Even in the wake of the collapse of several government "fast tracked" (ie subsidized) projected winners in the energy industry (think Solyndra, Evergreen Solar, et al) and the imminent declaration of bankruptcy by taxpayer supported Fisker Automotive on the horizon, several Northeastern States are proposing "fast tracks" to expand natual gas pipelines courtesy of the taxpayer.
Many of those in the heating oil and/or propane industries are upset by the proposals as they perceieve them to be benefiting one segment of the industry on the backs of another. Additionally, since heating oil has been progressively moving towards cleaner, lower sulfur fuels and even embracing BioHeat - the enviornmental impact of heating oil versus natural gas in terms of emissions is not the same equation it may have been 10-15 years ago. That's important because when you factor in the continual reduction of the environmental impact of heating oil, the high cost of these sponsored Nat Gas infrastructure projects, and the potential impact on employment facing heating oil dealers (mostly small to mid size businesses) - the economics on subsidized Natural Gas pipeline expansion make less and less sense.
For example, Maine is "fast tracking" natural gas pipeline expansion into rural areas. The issue seen here is two fold - arguably, the reason the government is subsidizing the expansion into rural Maine is there isnt sufficient ROI incentive for the utility to do it itself. Rule number one of public funding - if there were sufficient business and profit to be gained, the private sector would have made the investment itself. Additionally, propane and heating oil dealers have been servicing these areas sans government funding without issue. These companies, many of whom are small businesses, employ thousands of Maine residents gainfully, on private capital and could now be forced to face laying off employees with the necessitated drop in revenue from a smaller customer base. It doesnt seem like a winner in terms of big picture economics/employment for the state.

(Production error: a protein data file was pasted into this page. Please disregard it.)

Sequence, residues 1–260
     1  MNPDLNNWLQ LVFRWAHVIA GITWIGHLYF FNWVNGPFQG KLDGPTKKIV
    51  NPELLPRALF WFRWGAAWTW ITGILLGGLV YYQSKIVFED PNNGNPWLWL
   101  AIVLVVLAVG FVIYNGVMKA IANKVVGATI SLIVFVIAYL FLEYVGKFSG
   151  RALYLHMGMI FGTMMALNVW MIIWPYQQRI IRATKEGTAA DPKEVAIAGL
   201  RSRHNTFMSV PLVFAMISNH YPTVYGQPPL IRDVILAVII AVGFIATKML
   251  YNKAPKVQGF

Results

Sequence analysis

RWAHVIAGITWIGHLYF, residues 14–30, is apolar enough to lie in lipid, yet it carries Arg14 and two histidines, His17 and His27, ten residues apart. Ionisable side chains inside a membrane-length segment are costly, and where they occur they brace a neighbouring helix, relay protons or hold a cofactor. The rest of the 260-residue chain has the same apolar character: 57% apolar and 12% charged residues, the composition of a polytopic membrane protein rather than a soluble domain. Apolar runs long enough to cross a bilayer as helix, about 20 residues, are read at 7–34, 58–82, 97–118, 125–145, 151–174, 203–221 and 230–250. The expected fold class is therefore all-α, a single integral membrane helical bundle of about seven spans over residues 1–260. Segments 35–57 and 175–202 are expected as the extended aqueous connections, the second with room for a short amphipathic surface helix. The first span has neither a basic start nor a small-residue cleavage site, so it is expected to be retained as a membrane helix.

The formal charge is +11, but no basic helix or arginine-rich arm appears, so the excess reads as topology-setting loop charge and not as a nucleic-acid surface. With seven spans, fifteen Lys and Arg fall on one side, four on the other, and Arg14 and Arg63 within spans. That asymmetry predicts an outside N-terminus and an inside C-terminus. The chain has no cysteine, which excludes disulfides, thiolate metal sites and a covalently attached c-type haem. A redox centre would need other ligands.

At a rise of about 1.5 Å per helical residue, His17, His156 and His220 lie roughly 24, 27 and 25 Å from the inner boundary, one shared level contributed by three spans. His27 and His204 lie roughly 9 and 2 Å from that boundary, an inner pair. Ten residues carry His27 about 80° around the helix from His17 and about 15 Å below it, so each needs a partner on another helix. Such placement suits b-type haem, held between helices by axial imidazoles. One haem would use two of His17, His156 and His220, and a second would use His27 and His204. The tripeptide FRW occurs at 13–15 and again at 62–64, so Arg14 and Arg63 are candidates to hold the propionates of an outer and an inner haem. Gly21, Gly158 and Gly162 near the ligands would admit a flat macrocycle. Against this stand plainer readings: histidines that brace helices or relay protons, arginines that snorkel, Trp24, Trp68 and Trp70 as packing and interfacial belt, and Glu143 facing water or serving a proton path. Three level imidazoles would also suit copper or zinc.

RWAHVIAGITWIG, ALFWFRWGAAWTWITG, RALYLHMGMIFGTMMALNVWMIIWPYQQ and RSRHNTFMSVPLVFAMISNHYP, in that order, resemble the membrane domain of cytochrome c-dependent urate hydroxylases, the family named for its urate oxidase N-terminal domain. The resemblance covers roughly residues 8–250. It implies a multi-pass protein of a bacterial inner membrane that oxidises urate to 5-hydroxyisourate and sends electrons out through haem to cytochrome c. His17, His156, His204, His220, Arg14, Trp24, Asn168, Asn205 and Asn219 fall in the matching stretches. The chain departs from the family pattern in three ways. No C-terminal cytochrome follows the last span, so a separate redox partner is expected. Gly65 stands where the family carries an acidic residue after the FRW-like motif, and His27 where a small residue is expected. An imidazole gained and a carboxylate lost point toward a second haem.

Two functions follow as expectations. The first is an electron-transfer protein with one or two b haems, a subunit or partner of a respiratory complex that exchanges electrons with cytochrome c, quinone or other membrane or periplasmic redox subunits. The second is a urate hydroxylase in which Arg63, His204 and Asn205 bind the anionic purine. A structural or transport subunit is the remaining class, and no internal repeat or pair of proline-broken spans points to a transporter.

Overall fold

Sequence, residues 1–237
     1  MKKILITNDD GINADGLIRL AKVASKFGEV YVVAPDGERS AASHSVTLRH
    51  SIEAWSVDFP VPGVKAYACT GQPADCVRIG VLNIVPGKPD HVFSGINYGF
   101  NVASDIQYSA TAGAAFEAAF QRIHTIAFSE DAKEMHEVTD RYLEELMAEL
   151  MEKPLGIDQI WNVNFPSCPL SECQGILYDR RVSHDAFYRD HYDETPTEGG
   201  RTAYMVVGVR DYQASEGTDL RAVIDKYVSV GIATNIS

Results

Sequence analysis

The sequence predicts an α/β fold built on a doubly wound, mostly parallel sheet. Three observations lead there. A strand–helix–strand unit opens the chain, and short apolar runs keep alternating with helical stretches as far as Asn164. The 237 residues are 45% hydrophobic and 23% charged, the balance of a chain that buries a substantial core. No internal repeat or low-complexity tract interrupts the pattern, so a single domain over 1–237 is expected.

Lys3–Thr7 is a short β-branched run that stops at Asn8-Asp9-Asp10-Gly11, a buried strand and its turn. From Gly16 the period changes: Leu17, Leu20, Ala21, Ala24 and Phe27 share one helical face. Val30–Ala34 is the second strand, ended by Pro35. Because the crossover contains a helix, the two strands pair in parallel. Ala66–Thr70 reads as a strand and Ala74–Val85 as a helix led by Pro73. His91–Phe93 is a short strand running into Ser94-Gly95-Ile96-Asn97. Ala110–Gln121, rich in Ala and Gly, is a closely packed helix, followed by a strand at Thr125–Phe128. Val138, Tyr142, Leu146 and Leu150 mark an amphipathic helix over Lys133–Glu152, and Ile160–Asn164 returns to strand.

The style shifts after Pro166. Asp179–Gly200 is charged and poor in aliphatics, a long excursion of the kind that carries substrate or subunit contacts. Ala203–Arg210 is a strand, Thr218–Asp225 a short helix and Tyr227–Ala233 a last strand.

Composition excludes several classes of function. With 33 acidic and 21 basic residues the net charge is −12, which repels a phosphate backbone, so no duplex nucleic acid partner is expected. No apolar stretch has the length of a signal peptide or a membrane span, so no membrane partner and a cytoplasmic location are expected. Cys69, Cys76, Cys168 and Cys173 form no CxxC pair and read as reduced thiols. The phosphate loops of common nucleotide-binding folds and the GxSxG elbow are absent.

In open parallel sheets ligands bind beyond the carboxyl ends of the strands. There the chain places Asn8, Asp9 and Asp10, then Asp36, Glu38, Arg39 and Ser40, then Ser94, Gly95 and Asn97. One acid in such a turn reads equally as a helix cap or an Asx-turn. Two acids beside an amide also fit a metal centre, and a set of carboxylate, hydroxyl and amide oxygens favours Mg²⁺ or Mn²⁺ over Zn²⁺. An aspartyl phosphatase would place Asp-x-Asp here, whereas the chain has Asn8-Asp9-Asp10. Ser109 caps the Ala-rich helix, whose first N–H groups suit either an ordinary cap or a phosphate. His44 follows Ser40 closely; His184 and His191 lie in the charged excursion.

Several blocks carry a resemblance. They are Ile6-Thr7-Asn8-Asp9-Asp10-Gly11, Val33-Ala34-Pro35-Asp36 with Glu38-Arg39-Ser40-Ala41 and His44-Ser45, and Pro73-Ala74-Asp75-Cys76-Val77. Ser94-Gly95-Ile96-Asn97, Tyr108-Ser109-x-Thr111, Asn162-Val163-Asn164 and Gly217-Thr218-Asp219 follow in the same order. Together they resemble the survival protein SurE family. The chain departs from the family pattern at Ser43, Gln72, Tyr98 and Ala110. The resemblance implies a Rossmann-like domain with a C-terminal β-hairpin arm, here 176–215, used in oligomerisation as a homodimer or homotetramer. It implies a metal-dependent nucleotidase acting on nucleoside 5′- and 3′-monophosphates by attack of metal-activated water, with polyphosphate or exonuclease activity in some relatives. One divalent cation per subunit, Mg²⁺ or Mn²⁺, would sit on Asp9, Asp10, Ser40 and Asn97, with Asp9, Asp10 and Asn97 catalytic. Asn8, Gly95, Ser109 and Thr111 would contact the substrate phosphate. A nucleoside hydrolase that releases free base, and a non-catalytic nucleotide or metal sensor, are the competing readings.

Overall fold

Vermont has proposed a variety of "Heat Taxes" to encourage lower use of heating oil. The proposals suggest that customers pay either a Carbon Tax of .10/gal on Heating oil and.05/gal on propane, or a BTU based tax of .012/gal Heating Oil and .08/gal on Propane, or worst yet, a Heating Oil Sales Tax that would amount to about 20 cents per gallon. Given the state of the economy, and the price of heating your home these days, it's hard to imagine asking the average person in Vermont to pony up an extra 20 cents per gallon.
Connecticut is proposing converting hundreds of thousands of homes in the state to Natural Gas at the projected price tag of almost 7 billions dollars. With zero explanation of where said billions will come from, its fair to assume it will either come from the taxpayer, or be passed down to the consumer. Converting hundreds of thousands of homes to Natural Gas will impact Connecticut small to mid size petroluem businesses the same way the proposed expansion in Maine could affect businesses there - namely, negatively.
Natural Gas is definitely going to be a huge part of the picture in terms of where American Energy is headed in the future, especially given the obvious success of domestic fracking, and the huge positive impact fracking has had on city and state economies. I for one am all for the expansion of affordable energy - especially when its domestically produced and provides huge employment opportunities for Americans at all skill and education levels from laborers to engineers.
The issue at hand is not Natural Gas, but short sighted governmental policies that attempt to aid one sector of an industry at the cost of another. It seemed during the 2012 Presidential Debates, we are all pretty much in agreement that what America needs is an "all of the above" energy policy. The best way for that to happen in the most efficient and sustainable way, is for market demands to drive advancements in supply logistics and innovation. Case in point, fracking did not arise from governmental "fast tracking" and it's changing the way we look at energy production in the United States in a major way. Back to the thesis: if it makes sense, and it's profitable, it will progress on its own without government funding.
Anyway, I wrote an article on fuel dealers and the proposed Energy topic for a recent issue of Oil & Energy Magazine, if you would like more info you can read the full article online here: Oil & Energy Magazine , or as a PDF Here